Planning Commission Votes to Legalize Home-Based Businesses : Zoning: Advocates criticize some restrictions in proposed new law. Homeowners who oppose plan fear it would turn neighborhoods into commercial districts.
The city of Los Angeles moved a step closer to allowing businesses to operate in residential areas, with a city panel voting unanimously Thursday to legalize more than two dozen home-based occupations.
The vote by the city’s Planning Commission came nearly 10 years after officials first began to study whether to change zoning codes that prohibit commercial operations in residential neighborhoods. Only doctors, dentists and ministers were allowed to conduct business in their homes under the current law.
If approved by the City Council, the proposed ordinance would bring Los Angeles in line with dozens of other municipalities in Southern California that have legalized home-based business, and have begun to collect city fees on the operations.
The Planning Commission decision followed more than three hours of public testimony from homeowners, most of whom fear the law would turn residential neighborhoods into crowded commercial districts. Home business supporters were also heard.
“This is an unfair burden on residential communities that are trying to establish a peaceful, restful and quiet atmosphere,” said Alan Kishbaugh, president of the Federation of Hillside and Canyon Assns., which represents about 250,000 residents on both sides of the Santa Monica Mountains.
Advocates of home-based businesses testified at the hearing that they are happy the city is finally attempting to legalize such enterprises, but they criticized many restrictions in the proposed law.
For example, Judy Corbet, who has a temporary permit to operate a costume-making business out of her North Hollywood home, challenged a provision that allows only 25% of a home’s floor space to be used for a commercial venture.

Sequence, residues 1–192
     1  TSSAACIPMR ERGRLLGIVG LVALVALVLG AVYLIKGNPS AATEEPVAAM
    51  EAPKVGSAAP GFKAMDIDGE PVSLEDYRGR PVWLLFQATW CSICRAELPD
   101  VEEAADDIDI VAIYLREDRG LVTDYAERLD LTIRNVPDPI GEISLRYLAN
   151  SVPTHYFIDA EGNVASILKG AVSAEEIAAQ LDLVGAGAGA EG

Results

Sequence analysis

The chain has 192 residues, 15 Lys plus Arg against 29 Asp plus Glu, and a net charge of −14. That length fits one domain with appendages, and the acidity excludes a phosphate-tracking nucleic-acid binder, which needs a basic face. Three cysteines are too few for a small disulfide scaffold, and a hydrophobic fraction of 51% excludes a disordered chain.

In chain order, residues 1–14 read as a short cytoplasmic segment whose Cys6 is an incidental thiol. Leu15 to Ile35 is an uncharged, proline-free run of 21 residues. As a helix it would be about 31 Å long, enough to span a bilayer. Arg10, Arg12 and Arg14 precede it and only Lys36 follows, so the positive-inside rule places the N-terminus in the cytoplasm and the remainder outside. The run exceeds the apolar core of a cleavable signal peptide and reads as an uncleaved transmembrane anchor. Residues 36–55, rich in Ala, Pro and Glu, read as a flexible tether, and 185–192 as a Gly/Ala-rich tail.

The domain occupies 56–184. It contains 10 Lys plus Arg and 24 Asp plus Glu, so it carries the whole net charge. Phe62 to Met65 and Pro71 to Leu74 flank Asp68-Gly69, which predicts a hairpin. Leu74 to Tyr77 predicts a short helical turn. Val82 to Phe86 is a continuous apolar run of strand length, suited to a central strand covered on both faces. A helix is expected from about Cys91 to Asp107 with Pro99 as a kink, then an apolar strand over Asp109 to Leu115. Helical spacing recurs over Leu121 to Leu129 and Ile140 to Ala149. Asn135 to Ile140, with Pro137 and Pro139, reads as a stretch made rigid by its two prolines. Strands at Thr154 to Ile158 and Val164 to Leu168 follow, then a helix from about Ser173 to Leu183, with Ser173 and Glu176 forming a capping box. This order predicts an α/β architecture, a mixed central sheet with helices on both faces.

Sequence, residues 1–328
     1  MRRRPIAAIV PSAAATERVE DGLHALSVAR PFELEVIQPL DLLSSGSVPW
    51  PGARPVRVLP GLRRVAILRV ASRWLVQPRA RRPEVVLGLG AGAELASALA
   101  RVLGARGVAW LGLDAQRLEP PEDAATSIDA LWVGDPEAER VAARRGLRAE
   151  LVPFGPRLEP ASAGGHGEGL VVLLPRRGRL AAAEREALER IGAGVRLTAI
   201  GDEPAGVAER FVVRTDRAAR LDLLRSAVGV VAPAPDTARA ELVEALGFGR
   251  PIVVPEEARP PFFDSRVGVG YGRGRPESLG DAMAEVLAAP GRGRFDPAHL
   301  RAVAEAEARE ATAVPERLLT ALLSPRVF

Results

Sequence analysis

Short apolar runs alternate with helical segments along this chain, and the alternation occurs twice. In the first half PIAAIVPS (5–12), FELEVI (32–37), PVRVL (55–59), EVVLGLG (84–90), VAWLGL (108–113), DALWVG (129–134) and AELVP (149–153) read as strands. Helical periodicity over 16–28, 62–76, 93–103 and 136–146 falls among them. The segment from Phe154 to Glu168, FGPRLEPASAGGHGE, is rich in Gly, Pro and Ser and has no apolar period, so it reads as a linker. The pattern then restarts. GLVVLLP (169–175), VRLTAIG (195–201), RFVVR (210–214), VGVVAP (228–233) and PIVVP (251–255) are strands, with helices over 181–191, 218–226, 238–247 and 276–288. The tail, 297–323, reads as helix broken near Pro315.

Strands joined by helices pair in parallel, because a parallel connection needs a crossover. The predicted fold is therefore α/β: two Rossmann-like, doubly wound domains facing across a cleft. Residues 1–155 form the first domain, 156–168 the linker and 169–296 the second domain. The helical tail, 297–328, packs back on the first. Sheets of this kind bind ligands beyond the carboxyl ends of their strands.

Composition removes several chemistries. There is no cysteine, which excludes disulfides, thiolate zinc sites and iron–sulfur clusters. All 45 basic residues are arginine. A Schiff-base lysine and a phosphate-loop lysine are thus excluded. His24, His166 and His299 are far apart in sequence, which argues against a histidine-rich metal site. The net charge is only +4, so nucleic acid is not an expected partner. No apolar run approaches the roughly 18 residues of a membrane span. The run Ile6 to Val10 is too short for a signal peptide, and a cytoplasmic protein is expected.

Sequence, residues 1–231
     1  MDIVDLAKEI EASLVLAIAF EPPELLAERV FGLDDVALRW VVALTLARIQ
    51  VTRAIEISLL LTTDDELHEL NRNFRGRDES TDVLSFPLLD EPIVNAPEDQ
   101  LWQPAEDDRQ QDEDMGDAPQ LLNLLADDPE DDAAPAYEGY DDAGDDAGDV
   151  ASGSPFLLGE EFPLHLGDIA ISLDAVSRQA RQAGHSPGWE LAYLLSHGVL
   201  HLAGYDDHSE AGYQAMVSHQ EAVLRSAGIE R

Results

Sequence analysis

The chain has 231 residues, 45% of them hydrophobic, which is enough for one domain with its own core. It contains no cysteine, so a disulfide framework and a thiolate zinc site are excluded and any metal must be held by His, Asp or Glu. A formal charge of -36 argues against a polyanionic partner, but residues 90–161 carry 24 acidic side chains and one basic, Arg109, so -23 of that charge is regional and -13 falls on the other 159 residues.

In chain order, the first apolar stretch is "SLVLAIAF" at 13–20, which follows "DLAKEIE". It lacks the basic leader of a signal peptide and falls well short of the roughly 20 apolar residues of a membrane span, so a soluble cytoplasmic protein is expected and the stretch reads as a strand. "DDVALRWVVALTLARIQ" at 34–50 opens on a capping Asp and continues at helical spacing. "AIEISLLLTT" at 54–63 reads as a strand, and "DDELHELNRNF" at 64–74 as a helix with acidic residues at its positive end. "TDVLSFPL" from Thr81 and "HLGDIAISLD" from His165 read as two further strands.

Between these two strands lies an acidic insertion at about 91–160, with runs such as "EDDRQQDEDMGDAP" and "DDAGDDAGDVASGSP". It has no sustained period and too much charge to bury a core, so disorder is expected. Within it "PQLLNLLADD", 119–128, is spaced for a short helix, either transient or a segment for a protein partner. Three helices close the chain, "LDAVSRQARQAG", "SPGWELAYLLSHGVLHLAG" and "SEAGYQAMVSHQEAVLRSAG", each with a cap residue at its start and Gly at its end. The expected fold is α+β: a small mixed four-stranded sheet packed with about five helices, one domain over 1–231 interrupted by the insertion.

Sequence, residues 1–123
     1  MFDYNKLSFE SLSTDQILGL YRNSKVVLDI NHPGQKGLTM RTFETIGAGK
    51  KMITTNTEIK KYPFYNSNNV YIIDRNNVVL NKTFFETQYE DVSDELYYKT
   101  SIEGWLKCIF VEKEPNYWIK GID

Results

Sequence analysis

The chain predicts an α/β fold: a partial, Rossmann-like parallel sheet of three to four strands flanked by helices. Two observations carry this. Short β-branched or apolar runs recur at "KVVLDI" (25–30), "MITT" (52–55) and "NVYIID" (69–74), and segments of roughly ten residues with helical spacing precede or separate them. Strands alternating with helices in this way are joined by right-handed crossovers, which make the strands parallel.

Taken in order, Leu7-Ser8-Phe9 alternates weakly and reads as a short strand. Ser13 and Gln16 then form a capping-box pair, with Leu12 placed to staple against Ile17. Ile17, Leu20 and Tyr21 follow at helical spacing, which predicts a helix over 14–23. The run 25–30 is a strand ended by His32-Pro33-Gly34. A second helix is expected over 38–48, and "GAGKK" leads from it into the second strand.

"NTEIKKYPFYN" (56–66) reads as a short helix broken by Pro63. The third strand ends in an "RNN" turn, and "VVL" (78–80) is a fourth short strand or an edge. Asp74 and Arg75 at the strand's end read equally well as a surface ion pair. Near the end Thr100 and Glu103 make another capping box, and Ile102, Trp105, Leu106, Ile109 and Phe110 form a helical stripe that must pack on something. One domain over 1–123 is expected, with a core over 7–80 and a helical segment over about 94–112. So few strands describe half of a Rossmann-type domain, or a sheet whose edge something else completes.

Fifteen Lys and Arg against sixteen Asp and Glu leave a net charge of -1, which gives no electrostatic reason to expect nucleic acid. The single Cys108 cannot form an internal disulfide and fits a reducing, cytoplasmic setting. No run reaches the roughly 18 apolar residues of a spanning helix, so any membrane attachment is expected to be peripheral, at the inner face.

“What does it matter how much space is used as long as it doesn’t affect the neighbors?” she said.
Planning officials acknowledged that when they drafted the proposed law they realized it would not completely please both sides. But they urged the commission to adopt the proposal and allow them to make adjustments to the law later.
“This is our best effort,” said Robert JanoviciCQ, the city’s chief zoning administrator.
As written, the ordinance would:
* Permit 26 occupations in single-family and multifamily neighborhoods, including accountants, attorneys, engineers and composers;
* Charge a home business license fee, ranging from $50 to $150;
* Prohibit outdoor signs advertising the business;
* Prohibit hiring employees who do not live in the home;
* Limit business operations to 25% of the home’s floor space;
* Ban all excessive noise, dust or vibrations caused by the business.
Businesses that violate the proposed law could be fined or shut down entirely.
Planning officials said the ordinance requires a public hearing for those businesses that do not meet the criteria. Also, the proposed law allows the commission and zoning administrators to add or eliminate occupations from the list of permitted businesses.
There are no estimates on the number of home-based businesses now operating illegally in the city. But approximately 2,500 residents each year are turned down by the city’s Building and Safety Department for permits to operate home businesses, city officials said.
City revenues would have increased by $125,000 to $250,000 annually if each of those requests had been permitted and the owners charged a license fee of $50 to $100.
The effort to regulate home-based businesses in Los Angeles started in 1985 when the late City Councilman Howard Finn asked city planning officials to draft regulations to allow such enterprises in residential areas.
But twice the Planning Commission has rejected planning staff recommendations, sending the proposals back for further study.
Councilwoman Laura Chick, who had asked planning officials to try again, told the commission on Thursday that despite some problems with the ordinance, it should be approved.
“The city must make a statement that they value the home-based businesses,” she said.
After the vote Debra Schacher, the head of a home-based business association in Irvine, said, “We are pleased that we have gotten this far but we should have been much further by now.”
Gordon Murley, president of the Woodland Hills Homeowners Assn., took the opposite side, saying, “We feel this is essentially gutting the (residential single-family) zone.”
The proposed ordinance next will be heard by the council’s Planning and Land Use Committee. No date has yet been scheduled.